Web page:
The Correlation Between Obesity and Periodontal Disease

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Several studies have shown that there is a correlation between obesity and periodontitis. New research has been looking at what the two have in common – inflammation.

What is Obesity?

Obesity is often misunderstood. Obese and overweight is when the body has abnormal or excess fat accumulation that can affect one’s health. By the calculation of BMI (Body Mass Index), one can determine if they are obese or overweight. Overweight is when one has a BMI of greater than or equal to 25. One can be regarded as obese when their BMI is equal to or greater than 30. Either genetic or behavioral factors can cause obesity. Obesity can be successfully managed by dietary changes, exercise, and sometimes medicine. Counseling is also essential because it can affect one psychologically.

The Link Between Obesity and Periodontitis

Periodontitis not only causes tooth loss; it is also linked to other chronic diseases like cancer, arthritis, heart disease, strokes, and diabetes. Research has shown that people with excess weight had shown double the incidence of getting periodontitis, while those with obesity had shown triple the rate. According to a new study, obesity can affect non-surgical periodontal care. It is not a cause and effect case; instead, the research focuses on what the two diseases have in common — inflammation. Inflammation is the body’s immune system response to an irritant, for instance, toxins in the body. Studies have shown that increased body mass index, waist circumference, and percentage of body fat can be linked to an increase in the risk of developing periodontal disease.

The Significance to The Medical Field

Obesity and inflammation are caused by changes in body chemistry, which in turn affects metabolism. Patients susceptible to inflammation are likely to be susceptible to periodontal disease and obesity. This information is very crucial to dental professionals as it can help them make their patients understand that it is essential for them to maintain healthy body weight and good oral hygiene. It can also be an important point of study in the medical field to encourage further research on whether the successful treatment of obesity can affect the treatment or management of periodontitis.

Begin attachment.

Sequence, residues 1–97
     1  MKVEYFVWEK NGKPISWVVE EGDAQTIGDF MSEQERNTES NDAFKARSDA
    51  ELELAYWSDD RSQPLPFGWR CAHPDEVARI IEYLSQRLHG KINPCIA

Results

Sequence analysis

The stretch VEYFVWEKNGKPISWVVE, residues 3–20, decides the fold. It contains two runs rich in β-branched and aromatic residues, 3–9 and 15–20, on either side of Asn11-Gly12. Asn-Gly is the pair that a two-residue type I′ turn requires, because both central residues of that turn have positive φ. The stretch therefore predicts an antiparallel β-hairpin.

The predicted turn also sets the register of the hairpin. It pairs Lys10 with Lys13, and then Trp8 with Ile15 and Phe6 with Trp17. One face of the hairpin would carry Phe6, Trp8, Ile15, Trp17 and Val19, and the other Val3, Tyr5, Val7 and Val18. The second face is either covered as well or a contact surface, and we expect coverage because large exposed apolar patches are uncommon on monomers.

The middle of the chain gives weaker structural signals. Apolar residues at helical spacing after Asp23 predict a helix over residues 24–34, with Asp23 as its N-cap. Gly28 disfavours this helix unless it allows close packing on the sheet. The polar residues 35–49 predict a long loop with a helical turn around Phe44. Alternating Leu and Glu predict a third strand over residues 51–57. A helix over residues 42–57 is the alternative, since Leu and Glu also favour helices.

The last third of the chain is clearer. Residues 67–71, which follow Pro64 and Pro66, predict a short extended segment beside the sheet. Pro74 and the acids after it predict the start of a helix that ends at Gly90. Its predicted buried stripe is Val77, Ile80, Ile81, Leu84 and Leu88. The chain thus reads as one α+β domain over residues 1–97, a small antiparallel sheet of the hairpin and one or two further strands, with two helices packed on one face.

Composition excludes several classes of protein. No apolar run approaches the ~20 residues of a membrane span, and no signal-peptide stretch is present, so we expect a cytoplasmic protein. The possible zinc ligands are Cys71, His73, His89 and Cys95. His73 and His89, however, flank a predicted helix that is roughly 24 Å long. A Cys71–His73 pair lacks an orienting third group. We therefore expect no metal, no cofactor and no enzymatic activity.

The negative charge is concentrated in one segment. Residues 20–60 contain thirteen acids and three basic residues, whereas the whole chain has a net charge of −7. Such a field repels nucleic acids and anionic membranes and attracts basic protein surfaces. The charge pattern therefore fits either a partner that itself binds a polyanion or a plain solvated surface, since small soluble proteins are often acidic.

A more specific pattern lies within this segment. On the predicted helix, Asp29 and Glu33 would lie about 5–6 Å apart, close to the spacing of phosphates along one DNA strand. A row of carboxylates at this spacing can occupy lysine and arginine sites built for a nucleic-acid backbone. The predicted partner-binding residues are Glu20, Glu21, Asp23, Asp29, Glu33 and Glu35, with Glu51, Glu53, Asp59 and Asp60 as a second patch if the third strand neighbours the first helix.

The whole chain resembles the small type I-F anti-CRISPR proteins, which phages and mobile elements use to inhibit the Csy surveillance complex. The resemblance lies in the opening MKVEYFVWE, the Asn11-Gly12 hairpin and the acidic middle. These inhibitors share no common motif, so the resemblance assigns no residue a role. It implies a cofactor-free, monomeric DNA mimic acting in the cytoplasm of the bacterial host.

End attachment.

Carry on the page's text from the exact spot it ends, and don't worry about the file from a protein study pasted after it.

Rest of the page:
Although the research has been carried out over the years, it has not been conclusive; however, the treatment of one could have an impact on the other. These studies can help dental professionals plan better for their patients’ treatment. Clinicians can advise their patients on various ways they can manage their weight and maintain good oral hygiene.

Conclusion

As dental professionals, we must understand a patient’s medical history so that we can identify the underlying problem of some of these dental problems. We also need to encourage our patients to keep regular dental visits to ensure that some of these problems are treated as early as possible. Periodontitis, for instance, leads to the loss of good teeth, which can be avoided if detected and treated early, and if there are other underlying health issues, it would be easier to diagnose and treat the patient as a whole.

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